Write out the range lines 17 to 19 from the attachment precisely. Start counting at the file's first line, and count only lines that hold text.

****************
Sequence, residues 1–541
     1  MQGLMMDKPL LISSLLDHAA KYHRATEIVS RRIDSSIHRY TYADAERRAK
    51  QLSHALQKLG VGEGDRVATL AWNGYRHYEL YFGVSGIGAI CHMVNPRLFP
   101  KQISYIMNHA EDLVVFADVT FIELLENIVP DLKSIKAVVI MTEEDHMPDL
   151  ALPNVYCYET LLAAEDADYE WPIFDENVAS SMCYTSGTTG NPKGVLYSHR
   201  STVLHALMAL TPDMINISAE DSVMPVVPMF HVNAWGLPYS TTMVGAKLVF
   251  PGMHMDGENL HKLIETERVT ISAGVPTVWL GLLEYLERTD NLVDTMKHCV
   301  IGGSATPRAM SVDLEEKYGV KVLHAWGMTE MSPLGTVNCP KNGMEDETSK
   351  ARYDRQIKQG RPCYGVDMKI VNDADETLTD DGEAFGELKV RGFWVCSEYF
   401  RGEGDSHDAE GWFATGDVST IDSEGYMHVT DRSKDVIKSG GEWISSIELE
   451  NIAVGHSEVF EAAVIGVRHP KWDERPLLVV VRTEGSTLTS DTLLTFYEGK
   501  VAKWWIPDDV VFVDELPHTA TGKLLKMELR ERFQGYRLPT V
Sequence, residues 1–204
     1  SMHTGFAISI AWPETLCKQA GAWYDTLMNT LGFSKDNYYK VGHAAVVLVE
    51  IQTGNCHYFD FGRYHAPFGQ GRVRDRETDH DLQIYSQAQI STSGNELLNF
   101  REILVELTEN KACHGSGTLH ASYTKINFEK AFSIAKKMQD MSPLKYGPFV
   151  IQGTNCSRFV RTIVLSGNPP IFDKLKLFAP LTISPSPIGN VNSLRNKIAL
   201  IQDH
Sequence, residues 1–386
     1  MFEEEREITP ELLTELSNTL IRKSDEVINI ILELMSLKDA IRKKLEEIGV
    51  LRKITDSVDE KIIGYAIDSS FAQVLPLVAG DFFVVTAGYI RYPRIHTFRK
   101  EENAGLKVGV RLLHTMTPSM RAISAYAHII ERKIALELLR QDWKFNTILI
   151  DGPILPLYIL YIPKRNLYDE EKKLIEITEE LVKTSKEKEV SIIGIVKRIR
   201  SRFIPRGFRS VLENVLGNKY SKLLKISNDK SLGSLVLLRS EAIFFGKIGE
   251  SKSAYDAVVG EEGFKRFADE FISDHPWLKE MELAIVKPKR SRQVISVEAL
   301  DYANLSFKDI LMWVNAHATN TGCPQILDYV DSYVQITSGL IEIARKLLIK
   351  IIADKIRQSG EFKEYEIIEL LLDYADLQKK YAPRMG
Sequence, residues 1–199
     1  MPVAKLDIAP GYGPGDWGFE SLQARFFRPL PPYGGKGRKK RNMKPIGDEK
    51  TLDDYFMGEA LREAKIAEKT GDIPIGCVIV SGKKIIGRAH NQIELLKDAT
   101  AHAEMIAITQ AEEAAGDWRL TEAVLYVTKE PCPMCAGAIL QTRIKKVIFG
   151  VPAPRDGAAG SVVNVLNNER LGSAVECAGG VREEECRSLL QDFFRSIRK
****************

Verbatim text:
   151  IQGTNCSRFV RTIVLSGNPP IFDKLKLFAP LTISPSPIGN VNSLRNKIAL
   201  IQDH
Sequence, residues 1–386